Singapore

Singapore finance minister gets key party role, seen as PM-in-waiting

Reuters
Singapore finance minister gets key party role, seen as PM-in-waiting

FILE PHOTO: Singaporean Member of Parliament Lawrence Wong speaking at the Singapore International Energy Week conference on 2 November 2010.

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The 49-year-old Lawrence Wong has been tipped by analysts as a potential successor to Singapore Prime Minister Lee Hsien Loong

SINGAPORE, – Singapore’s finance minister, Lawrence Wong, has been chosen as leader of the ruling People’s Action Party’s so-called fourth generation (4G) team, paving the way for him to potentially become the city-state’s next prime minister.

“This decision is a crucial one for Singapore. It will ensure the continuity and stability of leadership that are the hallmarks of our system,” Prime Minister Lee Hsien Loong said on Thursday, April 14, in a social media post, adding that he would also make adjustments to the cabinet.

Stability has long been one of wealthy Singapore’s major strengths, making it a haven for investors and businesses in a region where political upheaval is not uncommon.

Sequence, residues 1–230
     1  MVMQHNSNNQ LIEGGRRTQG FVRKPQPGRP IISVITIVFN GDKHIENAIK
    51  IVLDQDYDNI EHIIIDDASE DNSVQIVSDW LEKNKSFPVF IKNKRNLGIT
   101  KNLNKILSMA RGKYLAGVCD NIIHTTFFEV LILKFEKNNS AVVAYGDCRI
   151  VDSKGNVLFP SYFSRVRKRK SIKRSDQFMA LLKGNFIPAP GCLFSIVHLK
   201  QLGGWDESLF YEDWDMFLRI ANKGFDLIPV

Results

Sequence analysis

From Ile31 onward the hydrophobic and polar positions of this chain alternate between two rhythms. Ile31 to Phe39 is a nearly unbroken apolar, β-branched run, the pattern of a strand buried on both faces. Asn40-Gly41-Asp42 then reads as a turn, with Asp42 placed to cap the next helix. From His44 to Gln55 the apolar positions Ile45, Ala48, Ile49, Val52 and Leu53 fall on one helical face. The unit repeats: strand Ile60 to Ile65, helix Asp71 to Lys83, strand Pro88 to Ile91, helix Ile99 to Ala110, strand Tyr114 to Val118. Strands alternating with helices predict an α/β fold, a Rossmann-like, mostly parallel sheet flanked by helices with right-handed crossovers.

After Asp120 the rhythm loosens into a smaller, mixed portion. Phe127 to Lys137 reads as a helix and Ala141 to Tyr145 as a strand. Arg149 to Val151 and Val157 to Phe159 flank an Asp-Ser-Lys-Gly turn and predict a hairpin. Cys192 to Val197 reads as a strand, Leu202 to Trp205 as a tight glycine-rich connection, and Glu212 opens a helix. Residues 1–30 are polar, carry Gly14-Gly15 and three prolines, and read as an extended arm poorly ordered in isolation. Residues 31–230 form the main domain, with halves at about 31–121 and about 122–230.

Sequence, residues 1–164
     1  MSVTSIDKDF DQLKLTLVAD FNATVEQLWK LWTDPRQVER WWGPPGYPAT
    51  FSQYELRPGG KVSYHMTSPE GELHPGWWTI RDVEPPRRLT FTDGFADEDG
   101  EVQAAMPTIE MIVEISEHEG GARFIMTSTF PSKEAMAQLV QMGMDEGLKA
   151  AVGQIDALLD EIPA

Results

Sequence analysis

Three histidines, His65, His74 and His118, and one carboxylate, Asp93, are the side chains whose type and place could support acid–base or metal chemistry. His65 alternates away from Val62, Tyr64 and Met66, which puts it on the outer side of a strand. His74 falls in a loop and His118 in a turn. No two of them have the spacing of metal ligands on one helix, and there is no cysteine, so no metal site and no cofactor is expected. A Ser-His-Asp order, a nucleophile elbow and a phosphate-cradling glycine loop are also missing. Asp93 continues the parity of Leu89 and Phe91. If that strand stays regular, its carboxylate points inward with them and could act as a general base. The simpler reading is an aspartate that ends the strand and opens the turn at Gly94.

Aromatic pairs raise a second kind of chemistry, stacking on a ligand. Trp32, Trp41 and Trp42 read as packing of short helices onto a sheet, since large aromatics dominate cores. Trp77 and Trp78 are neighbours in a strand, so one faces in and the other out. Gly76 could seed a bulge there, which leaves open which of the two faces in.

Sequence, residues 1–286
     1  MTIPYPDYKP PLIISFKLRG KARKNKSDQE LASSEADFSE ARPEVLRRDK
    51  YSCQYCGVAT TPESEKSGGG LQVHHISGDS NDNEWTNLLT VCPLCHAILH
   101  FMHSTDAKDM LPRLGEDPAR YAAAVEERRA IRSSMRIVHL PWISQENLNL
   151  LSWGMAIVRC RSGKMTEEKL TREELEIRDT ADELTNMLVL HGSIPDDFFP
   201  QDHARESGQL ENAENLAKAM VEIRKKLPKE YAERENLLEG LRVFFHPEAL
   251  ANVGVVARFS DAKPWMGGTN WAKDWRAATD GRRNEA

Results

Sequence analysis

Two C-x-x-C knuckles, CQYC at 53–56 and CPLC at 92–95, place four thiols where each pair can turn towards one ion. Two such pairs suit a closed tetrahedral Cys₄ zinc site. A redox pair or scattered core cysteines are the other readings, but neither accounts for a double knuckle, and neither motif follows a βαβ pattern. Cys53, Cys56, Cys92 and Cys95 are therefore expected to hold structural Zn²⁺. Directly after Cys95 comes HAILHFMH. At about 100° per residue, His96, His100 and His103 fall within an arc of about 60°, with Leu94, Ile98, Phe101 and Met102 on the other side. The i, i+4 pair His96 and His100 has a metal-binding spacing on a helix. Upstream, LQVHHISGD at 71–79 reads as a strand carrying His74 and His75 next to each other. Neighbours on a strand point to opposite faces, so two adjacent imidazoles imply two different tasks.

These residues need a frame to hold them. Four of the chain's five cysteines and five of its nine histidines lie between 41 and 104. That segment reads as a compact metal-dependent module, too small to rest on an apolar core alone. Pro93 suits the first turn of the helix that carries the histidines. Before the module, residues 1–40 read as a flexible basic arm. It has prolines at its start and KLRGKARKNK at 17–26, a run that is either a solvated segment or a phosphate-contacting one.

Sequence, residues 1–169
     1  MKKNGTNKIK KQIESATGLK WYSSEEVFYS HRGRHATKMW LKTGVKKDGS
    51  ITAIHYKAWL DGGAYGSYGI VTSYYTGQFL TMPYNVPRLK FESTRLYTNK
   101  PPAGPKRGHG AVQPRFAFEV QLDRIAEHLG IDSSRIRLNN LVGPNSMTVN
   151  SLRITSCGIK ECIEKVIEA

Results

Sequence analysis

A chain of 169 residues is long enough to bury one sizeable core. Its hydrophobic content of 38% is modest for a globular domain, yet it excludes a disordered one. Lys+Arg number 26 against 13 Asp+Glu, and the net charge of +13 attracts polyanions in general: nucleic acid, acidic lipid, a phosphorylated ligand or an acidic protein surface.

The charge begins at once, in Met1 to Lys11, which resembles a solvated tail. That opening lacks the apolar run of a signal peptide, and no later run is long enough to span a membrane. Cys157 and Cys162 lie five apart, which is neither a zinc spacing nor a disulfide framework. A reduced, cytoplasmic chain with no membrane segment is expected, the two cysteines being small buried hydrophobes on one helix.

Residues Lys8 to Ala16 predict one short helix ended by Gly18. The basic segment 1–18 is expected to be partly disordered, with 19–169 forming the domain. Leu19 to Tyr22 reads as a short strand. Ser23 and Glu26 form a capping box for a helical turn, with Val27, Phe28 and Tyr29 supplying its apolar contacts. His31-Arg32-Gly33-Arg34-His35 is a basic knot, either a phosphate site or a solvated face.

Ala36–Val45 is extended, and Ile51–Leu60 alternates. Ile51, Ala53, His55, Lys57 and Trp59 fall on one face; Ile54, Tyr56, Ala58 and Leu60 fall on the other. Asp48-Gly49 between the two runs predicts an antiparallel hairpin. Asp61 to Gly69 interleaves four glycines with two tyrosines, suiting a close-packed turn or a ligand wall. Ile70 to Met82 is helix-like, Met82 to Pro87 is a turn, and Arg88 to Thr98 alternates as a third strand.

Wong, 49, who helped steer Singapore through the COVID-19 pandemic in his role as co-chair in the government’s task force, had been tipped by analysts as a potential successor to Lee, 70.

Leadership succession in the Southeast Asian city-state – which has been governed by the People’s Action Party (PAP) since 1965 – is normally a carefully planned affair.

But an unexpected decision last year by Deputy Prime Minister Heng Swee Keat to step aside as the designated successor to Lee disrupted leadership planning.

4G refers to the ruling party’s so-called fourth generation team of younger leaders, who had to choose a replacement for Heng from among themselves.

Lee, who had previously dropped a plan to retire by 70 to see Singapore through the pandemic, had said he would remain until his successor was chosen.

“Wong is the PM-designate to all intents and purposes,” said Eugene Tan, a law professor at the Singapore Management University and an expert on Singapore politics. “I believe the PAP had also considered who they think could be the face of the party in the next few general elections,” he said.

In the 2020 general election, the PAP won all but ten of 93 seats in parliament and 61% of the popular vote – a landslide by international standards – but its share of the vote dropped nine points from the last election in 2015.

The next general election is due by end-2025. – Rappler.com